The new Sierra Club office is located at Merrillee’s family-run business, Rum 138 in southern Columbia County.
Geographically the largest Sierra Club chapter in the eastern United States, the Suwannee-St. Johns (SSJ) group has close to 2000 members and includes all or part of 16 counties in Florida’s springs heartland.
One of Merrillee’s projects is to assist with the creation of SSJ’s new North County Working Group. Designed to encourage people to be the eyes and ears of Sierra in North Central Florida—to watch for development, changes in water use or land use regulations or anything else that might damage our springs—the group meets once a month on the third Saturday at 10 a.m. at Rum 138.
“The big effort is trying to get better land use development on top of high aquifer recharge areas,” Merrillee explained. “I’m working with groups to push for better land uses that do not affect our aquifer and springs. Right now, I’m involved with people in Brooker and other communities in Union and Bradford counties to stop new phosphate mining that has the potential to pollute the Santa Fe River. I’m also working with people around the state to try to stop the potential for destruction caused by the Sabal Trail fracked gas pipeline that is coming through our region.”
Designed to carry large amounts of natural gas, the Sabal Trail Pipeline has received its required permits and is under construction, boring through wetlands and sensitive areas that are prone to sinkholes. To protect the springs and the Floridan aquifer, the Sierra Club joined with the Flint Riverkeeper in Georgia and the Gulf Restoration Network in a lawsuit challenging permits for the pipeline. At press time, the lawsuit is still in the court system.
“The Sabal Trail Pipeline is newsworthy because the power corporations involved are locking us into fossil fuels rather than moving toward more sustainable energy sources such as sun and wind,” Merrillee explained. “There is a statewide movement against the pipeline because of that and because pipelines can leak, explode, and damage water supplies.”
“Stopping the pipeline requires a huge movement,” she continued. “We as citizens can stop this, even though it is now being built.” To support that claim, Merrillee cites the stoppage of the Cross-Florida Barge Canal in the 1960s and the recent actions at Standing Rock, where American Indians have at least temporarily halted construction of the Dakota Access Pipeline.
“Standing Rock put the wind in our sails when we saw what they accomplished to delay a fossil fuel behemoth,” Merrillee said. “The tribal network gave that movement its energy and people’s motivation to get involved was their water supply, something they could all stand behind.”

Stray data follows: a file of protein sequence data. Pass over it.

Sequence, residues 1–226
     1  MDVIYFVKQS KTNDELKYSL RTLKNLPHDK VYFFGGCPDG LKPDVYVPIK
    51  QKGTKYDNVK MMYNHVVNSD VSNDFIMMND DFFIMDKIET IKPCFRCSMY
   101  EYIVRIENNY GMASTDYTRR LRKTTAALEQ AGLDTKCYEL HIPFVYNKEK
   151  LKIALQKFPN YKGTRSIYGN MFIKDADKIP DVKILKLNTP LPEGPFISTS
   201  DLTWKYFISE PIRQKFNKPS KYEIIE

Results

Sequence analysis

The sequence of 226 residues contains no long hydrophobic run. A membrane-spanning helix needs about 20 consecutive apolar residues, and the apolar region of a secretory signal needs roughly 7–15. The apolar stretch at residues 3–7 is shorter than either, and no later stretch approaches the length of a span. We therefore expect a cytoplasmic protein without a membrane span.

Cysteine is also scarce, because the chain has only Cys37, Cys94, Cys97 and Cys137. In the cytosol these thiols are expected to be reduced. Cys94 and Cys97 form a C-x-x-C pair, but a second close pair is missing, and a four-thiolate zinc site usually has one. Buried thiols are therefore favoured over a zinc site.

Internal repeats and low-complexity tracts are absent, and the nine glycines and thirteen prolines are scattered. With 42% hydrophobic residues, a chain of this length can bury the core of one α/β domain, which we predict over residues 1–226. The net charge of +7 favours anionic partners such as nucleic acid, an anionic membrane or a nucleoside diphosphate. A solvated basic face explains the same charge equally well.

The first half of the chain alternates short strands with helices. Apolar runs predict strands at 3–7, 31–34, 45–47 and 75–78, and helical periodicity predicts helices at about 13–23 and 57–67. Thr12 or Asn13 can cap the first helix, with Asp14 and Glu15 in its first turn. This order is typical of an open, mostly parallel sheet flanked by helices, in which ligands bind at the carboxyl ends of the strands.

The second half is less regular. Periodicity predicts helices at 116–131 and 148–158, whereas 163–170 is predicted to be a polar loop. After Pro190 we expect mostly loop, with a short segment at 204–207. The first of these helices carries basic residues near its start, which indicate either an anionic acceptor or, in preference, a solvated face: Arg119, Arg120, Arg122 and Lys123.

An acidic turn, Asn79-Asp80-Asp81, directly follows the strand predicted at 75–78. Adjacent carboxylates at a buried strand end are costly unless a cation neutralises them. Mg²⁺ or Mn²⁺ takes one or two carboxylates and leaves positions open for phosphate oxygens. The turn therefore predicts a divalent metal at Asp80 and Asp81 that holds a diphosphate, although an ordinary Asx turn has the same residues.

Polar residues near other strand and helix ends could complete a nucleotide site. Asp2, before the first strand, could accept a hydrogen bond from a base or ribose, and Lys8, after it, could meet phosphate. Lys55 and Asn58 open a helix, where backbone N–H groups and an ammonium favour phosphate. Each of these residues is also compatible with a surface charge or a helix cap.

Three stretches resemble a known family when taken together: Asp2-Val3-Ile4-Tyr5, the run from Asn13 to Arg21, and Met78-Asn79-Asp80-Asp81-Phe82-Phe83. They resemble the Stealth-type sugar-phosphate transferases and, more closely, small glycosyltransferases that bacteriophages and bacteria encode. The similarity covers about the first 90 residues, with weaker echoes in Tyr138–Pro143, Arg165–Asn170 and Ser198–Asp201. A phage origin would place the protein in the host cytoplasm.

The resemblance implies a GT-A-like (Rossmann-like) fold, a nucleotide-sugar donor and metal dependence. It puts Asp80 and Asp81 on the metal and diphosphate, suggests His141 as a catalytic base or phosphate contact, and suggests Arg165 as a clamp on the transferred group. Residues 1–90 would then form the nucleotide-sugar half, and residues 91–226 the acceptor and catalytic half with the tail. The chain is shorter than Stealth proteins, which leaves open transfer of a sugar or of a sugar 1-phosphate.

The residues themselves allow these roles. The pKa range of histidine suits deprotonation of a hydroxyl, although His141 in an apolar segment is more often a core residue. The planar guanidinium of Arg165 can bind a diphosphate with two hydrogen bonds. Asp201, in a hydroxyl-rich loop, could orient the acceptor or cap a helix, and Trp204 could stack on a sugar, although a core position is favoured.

To learn more about the new North County Working Group or other Sierra Club activities in the springs heartland, email Merrillee Malwitz-Jipson at or call her at 386-454-1542.

To learn more about…

Sierra Club Suwannee-St. Johns Chapter:

This article originally appeared in the January 2017 issue of "The Observer," a free monthly tabloid (circulation 5000 copies) distributed in the High Springs/Alachua/Newberry/Jonesville/Fort White areas of North Florida. Many thanks to publisher Barbara Llewellyn for her kind permission to post it here.

Water Visions: Gifts of Water and Water Gifts

I’m writing this the week before Thanksgiving and thinking about what I’m thankful for this year. At the top of that list is knowing that I live enfolded in the Springs Heartland of Planet Earth.
What healing gifts these springs offer to the world! Gifts of beauty, inspiration, relaxation, rejuvenation, life itself. Gifts not only to humans, but also to fish, birds, turtles, manatees and plants that depend on our springs and spring-fed rivers for life-giving water.
Water makes these gifts to us and, because we are interdependent with the world around us, we can also give back to water.
Since we’re moving into the season of Christmas, Hanukkah and Yule/Winter Solstice—holidays traditionally marked by gift giving—here are a few suggestions for local places to shop, if you’re looking for a water-related gift, or to offer a contribution, if you want to donate to a good cause. (See links in the sidebar.)
Rum 138 has something for almost everyone on your gift list, from canoe/kayak trips on a section of the Santa Fe River known for its many springs to water-themed books, paintings, pottery and jewelry. The gallery offers work by artists including John Moran, Jill Heinerth, Mark Long and Rum 138 owners Doug Jipson and Merrillee Malwitz-Jipson.
Lanza Gallery and Art Supplies carries paintings, jewelry and pottery from local artisans as well as art and craft supplies. Lanza also offers classes and workshops for adults and children. Whose water-related creativity could you inspire with the gift of a class or art supplies? Some of the artists whose work you’ll find at Lanza are Barbara Knutson, Tim Malles, Karen LeMonnier and owner Tina Corbett.
Canoe, Kayak and Stand-Up Paddleboard (SUP) Outfitters. Why not give someone a chance to experience our rivers and springs on a fun outing? In addition to Rum 138, there are many outfitters who offer shuttle service and rent canoes, kayaks and SUPs for trips on local waterways. Check out Adventure Outpost and its Springs Republic boutique, Drift, Santa Fe Canoe Outpost, Paddling Adventures, and Ichetucknee Family Canoe & Cabins.
If you’re considering a year-end donation to a nonprofit group that educates and advocates for protection of our springs, rivers, and aquifer, check out these local and nearby organizations.